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An international chess champion is coming to Asheboro — and kids can play against him
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An international chess champion is coming to Asheboro — and kids can play against him

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ASHEBORO — Black and white pieces fly across a checkered landscape as the clock ticks ominously. His brain is racing and his heart is pumping. Each breath is quick and shallow as his eyes scan the board.

It’s been more than three hours and William Morrison is one game away from achieving international chess master status.

A crowd of whispering spectators has gathered around him, watching his every move. It’s rare to see an African American who has advanced to the upper echelons of the chess elite, especially in a sport traditionally dominated by Russians, Ukranians, Chinese and Israelis.

Morrison watches his opponent with a hawkish gaze and scrawls on a pad containing an ever-growing jumble of letters and numbers, a running list of every move made in the game.

Another hour goes by, chess pieces shuffle — and Morrison pounds the clock one last time.

“Checkmate.”

Morrison breathes a sigh of relief as he stands up and shakes his opponent’s hand amid cheers. After nine exhausting games over the course of five days, Morrison beat all the expert-level players at the World Open in Philadelphia.

While Morrison grew up playing chess on the benches of New York City’s Washington Square Park, his mother was born and raised in North Carolina.

Willie Gladden, a friend of Morrison’s mother, convinced Morrison to be part of a unique event at Asheboro’s Public Works Building this week. On Thursday at 6 p.m., kids of all ages can play each other and get some practice. The top 20 contestants will end up playing Morrison at the ChessMaster Event on Friday at 8 p.m. in the same location.

Morrison will play 20 separate games at once, going from board to board across the room as fast as he can. It may seem impossible to keep track of that many games, but for Morrison and many other top chess players, the moves on a chessboard are like second nature.

However, reaching that point took blood, sweat, and tears. Well, more like books, sweat, and tears.

When he was a kid, the hardest part about moving was lugging his boxes of chess books. He studied everything he could get his hands on. Morrison recalls pawing through more than 500 books about chess over the course of his adolescence.

His regular vernacular includes phrases like Sicilian Defence, Fianchetto and Ruy Lopez. Chess players are historians of sorts, tracing the steps of other players from centuries ago. In the cardinal game that made Morrison a chess master, his opponent opened with the Sicilian Defence, which was first scrawled onto a manuscript by an Italian chess player in 1594.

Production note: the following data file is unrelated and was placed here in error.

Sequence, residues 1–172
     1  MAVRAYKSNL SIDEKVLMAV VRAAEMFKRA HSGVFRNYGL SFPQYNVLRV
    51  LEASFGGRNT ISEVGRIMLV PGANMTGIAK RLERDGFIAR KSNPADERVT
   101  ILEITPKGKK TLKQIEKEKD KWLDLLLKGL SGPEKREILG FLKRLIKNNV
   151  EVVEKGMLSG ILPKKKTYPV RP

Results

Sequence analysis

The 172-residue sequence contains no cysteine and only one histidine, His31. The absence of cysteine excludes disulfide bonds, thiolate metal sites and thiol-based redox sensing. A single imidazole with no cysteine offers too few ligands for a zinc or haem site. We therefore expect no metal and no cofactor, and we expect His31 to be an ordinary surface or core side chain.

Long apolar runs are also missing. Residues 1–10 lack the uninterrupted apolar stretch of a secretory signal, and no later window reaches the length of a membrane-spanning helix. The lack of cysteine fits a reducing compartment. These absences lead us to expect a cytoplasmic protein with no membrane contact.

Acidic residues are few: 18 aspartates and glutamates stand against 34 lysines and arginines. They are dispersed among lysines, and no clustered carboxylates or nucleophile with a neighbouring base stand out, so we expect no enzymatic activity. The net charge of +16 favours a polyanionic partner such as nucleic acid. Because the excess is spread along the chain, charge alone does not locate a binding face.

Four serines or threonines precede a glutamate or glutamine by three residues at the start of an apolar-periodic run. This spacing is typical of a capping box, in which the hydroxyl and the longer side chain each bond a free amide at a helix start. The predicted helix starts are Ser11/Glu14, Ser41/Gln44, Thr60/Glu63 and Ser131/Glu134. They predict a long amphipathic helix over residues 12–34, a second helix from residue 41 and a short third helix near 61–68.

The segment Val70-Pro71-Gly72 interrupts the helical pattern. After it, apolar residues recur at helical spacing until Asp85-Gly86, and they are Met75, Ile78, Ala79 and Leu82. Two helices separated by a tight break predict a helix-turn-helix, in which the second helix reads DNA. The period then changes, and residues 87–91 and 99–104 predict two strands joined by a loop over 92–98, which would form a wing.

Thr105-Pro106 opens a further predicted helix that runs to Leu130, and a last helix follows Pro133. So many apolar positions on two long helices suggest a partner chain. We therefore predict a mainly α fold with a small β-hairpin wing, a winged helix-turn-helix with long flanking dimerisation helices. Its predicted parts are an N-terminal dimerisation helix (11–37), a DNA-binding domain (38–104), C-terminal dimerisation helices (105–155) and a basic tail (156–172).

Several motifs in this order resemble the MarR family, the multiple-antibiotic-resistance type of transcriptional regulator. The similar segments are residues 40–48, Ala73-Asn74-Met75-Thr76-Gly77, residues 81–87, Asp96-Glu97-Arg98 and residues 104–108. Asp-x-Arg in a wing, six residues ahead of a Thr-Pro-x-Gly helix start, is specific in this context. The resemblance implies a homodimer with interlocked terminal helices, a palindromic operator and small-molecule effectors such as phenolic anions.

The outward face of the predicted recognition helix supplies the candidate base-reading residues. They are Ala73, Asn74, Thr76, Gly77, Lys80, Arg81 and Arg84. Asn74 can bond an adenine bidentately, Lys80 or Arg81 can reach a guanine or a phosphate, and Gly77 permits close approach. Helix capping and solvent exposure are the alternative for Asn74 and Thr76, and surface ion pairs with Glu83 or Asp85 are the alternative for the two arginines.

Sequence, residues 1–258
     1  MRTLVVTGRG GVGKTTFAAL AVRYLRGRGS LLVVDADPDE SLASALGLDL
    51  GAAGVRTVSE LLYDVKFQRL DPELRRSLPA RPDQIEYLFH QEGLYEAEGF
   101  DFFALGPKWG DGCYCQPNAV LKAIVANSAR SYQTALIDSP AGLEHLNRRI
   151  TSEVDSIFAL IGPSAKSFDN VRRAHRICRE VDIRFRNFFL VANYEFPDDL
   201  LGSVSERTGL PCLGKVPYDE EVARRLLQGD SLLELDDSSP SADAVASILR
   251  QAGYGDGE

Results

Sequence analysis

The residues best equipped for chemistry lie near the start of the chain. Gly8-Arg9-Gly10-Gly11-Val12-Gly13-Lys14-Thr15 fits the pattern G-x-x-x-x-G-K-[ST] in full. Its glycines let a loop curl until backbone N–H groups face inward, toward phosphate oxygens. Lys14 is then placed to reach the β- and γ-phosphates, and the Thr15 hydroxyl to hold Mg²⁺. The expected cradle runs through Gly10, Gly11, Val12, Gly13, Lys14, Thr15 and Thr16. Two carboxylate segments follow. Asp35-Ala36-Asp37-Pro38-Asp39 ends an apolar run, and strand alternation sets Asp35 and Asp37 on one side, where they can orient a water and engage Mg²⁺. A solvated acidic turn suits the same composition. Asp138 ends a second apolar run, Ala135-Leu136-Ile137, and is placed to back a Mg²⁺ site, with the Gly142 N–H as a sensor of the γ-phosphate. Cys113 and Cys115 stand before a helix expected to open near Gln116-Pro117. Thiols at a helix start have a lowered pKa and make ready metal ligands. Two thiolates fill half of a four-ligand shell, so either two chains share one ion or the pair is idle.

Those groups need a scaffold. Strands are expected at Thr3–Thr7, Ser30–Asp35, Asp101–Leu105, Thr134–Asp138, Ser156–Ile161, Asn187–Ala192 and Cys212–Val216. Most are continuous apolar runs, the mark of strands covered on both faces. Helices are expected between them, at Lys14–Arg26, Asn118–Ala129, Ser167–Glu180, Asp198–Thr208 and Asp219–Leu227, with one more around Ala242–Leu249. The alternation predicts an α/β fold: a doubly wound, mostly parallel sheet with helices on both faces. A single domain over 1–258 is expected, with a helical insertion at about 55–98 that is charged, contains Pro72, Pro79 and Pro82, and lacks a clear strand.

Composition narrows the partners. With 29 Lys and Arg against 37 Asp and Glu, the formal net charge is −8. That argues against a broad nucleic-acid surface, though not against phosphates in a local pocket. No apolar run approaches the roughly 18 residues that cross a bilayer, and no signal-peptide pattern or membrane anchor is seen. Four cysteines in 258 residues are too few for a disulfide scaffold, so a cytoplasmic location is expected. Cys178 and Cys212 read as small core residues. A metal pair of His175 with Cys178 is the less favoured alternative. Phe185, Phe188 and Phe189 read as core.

William’s father taught him chess when he was 6 years old, and Morrison was competing in tournaments by the time he finished elementary school. At the time, Morrison points out, chess wasn’t a big part of Black culture. Even today, there are only about 50 Black chess masters in the United States.

One of the reasons is this: Chess tournaments are expensive. Paying for flights, hotels and fees for competitions can quickly add up — especially for a young chess player with limited means. Morrison had the opportunity to play in Canada and Europe, but he remembers the big financial burden of traveling. He tried to stay as local as possible.

Chess player and journalist Daaim Shabazz has pointed out that people of African descent are often questioned for their intelligence. He once was asked whether Africans were intelligent enough to be grandmasters.

Shabazz suggests that more Black mentors, role models and tournament organizers could change the racial landscape of chess.

Despite Shabazz’s concerns, Morrison is optimistic about a shift he observed in the chess world in the past few years.

Morrison noticed a huge push to teach chess in schools all over the country. In his hometown of New York City, a program called Chess in the Schools has taught half a million students in 48 schools.

Morrison, once known as “The Exterminator” to competitors, now teaches children how to play chess in Baltimore.

There are 65 schools in Baltimore that participate in chess programs, many of which are in the inner city and reaching minority populations.

Besides inspiring kids in East Asheboro, Morrison also hopes to scout some chess players who show potential.

There are only three Black Grandmasters in chess: one from Brooklyn, Sweden and Zambia in southern Africa.

Perhaps Morrison might find the next one might in Asheboro.

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